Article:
There are several allowances and exemptions that anyone with an estate valued at more than the available thresholds can consider when trying to reduce the value of their estate for IHT purposes.
However, it must be said that we always caution clients against gifting too much of their estates away.
Life can become suddenly expensive and it can be better to pay a little tax than it is to run out of money due to some unforeseen and unexpected liability.
1. Annual Exemption
An individual can gift up to £3,000 each year without IHT consequences. You can also carry forward any unused exemption from the previous year.
2. Small Gift Exemption
An individual can gift as many small gifts of £250 as they wish throughout the year. However, all gifts made are cumulative so that if you make more than one gift of £250 to an individual it would eat into the annual exemption.
3. Gifts on Marriage
Parents, friends and other family members can make larger than usual gifts on the marriage of a loved one without any IHT consequences. Parents can gift up to £5,000, grandparents £2,500 and anyone else can gift up to £1,000. The gifts on marriage do not use up any of the annual exemption and are immediately discounted from the value of your estate for IHT purposes.
4. Regular Gifts out of Surplus Income
The key to successfully claiming this exemption is meticulous redcord keeping. Your executors will need to be able to present to HMRC evidence of the recurrence of the gifts. The amount of time between each gift i.e. per annum or per month, is irrelevant as long as the gifts occurred regularly.
The gifts must also have been made out of excess income. The gifts cannot be made from your capital. For example the gift must not have had an impact on your everyday standard of living.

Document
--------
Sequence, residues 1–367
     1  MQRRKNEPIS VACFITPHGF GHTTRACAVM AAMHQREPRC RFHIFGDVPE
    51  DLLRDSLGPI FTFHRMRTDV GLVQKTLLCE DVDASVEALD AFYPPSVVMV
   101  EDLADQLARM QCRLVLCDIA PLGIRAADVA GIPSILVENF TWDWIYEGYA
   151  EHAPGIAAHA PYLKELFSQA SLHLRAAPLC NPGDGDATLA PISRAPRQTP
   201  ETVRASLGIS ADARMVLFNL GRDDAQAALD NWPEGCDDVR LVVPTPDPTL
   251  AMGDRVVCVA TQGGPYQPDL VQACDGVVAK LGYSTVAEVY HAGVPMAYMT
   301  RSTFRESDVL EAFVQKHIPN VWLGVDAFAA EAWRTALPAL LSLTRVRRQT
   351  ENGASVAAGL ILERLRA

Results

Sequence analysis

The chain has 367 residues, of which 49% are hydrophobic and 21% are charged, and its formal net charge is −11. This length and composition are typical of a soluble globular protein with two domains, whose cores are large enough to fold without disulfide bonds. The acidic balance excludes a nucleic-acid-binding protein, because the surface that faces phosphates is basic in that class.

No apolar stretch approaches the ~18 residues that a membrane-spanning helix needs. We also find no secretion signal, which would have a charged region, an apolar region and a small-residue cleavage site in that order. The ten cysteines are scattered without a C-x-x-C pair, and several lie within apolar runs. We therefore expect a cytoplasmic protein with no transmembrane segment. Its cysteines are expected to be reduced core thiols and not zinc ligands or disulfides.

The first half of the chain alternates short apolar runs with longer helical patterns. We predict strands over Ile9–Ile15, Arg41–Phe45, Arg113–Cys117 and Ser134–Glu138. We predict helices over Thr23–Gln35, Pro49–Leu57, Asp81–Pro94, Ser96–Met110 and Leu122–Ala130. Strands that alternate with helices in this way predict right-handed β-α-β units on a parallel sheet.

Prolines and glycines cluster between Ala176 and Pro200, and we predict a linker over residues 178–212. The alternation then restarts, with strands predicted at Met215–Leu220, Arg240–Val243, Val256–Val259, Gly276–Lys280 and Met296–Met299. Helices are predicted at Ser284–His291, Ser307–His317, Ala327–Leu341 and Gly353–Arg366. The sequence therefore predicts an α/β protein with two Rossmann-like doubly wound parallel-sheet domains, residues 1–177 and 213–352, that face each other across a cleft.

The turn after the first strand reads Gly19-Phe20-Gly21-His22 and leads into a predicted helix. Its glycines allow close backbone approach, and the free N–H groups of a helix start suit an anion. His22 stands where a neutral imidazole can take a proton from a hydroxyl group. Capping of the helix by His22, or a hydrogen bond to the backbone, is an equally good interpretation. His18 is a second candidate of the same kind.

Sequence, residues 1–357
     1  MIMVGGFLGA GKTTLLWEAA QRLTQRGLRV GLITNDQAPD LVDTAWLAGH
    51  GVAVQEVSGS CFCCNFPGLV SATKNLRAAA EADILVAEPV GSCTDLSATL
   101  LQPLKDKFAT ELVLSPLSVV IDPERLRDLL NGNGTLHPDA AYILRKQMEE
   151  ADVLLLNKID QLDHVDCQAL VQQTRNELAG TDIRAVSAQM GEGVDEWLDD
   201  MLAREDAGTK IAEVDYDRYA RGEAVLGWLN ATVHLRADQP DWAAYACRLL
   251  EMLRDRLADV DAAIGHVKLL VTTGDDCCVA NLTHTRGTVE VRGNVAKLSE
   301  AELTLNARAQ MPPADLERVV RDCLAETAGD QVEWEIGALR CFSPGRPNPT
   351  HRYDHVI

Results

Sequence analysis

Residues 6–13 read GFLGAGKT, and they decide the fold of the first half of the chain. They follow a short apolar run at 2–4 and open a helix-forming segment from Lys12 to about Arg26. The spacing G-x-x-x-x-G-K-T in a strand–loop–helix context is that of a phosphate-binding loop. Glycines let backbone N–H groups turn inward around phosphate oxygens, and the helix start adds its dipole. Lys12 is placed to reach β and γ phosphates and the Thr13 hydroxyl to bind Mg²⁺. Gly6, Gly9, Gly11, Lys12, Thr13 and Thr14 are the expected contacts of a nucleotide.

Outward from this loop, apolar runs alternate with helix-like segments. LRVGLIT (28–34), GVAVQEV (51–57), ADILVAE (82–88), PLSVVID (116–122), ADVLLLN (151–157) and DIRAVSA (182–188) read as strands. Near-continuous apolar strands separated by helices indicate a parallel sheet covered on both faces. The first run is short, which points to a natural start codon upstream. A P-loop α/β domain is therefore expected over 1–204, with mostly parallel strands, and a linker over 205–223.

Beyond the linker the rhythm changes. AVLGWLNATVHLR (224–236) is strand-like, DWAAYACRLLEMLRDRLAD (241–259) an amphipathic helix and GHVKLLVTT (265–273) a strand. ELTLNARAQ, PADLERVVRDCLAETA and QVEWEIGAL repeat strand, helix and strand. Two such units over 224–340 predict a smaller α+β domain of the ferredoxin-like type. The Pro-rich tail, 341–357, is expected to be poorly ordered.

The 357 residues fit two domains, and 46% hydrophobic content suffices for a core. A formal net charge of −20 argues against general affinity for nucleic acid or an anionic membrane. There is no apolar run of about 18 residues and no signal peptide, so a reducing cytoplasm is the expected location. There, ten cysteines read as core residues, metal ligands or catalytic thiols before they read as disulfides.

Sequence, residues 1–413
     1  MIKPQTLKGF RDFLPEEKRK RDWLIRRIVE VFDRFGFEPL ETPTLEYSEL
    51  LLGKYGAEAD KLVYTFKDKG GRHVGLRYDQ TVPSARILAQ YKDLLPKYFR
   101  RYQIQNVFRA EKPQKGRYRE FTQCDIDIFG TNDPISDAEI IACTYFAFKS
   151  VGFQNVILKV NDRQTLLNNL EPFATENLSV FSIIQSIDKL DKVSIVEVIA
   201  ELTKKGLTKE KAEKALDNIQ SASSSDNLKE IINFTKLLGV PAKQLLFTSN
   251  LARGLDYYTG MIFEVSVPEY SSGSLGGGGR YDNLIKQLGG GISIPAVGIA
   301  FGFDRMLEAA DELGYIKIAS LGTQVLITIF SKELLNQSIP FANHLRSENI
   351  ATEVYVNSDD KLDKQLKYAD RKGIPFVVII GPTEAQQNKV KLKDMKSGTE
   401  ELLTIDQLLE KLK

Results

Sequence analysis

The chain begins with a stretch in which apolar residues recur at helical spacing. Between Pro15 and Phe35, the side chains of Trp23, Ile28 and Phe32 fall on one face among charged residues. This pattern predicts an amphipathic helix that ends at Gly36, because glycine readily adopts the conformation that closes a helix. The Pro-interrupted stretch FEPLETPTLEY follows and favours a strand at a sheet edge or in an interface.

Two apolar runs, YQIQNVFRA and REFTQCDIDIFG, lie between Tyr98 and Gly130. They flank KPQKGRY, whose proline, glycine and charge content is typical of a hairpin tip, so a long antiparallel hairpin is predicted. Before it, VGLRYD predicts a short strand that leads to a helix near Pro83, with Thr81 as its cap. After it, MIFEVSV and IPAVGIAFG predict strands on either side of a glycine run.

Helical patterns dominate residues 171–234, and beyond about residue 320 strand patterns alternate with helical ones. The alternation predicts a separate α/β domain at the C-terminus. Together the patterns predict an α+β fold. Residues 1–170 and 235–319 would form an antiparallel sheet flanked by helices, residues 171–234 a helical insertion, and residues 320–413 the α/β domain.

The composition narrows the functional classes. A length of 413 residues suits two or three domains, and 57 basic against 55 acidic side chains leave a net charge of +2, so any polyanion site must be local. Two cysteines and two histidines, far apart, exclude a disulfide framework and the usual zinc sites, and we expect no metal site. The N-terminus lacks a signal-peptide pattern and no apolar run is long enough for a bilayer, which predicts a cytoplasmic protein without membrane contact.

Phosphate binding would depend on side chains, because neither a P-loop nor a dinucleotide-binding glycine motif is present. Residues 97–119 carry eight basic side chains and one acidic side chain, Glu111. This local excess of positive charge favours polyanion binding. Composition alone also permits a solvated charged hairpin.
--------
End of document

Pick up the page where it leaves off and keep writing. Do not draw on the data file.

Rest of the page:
HMRC will require details of your income and expenditure for each year in which a regular gift was made so that they can be sure that there was an adequate amount of income from which to make the gift.
In their guidance, HMRC use birthdays and seasonal gifts as an example of the exemption but in fact the legislation can be interpreted on a much wider basis.
5. Gifts to Exempt Beneficiaries
Any gifts made to a spouse, charity or political party (and a few other more unusual exemptions) will immediately reduce your estate for IHT purposes.
As part of estate planning, we regularly use gifts between spouses in order to balance estates to make the most of available allowances and thresholds.
6. Potentially Exempt Transfers (PETs)
If you make a gift to a non-exempt beneficiary valued at over the annual exemption and you survive the gift by 7 years, the value of the gfit will be disregarded for IHT purposes.
If you die within 7 years of making the gift, your estate is valued for IHT purposes as containing the gift.
There is so much more to know about PETs and tomorrow’s tax tip is dedicated to them so come back for more information.
These notes have been prepared for the purpose of articles only. They should not be regarded as a substitute for taking legal advice.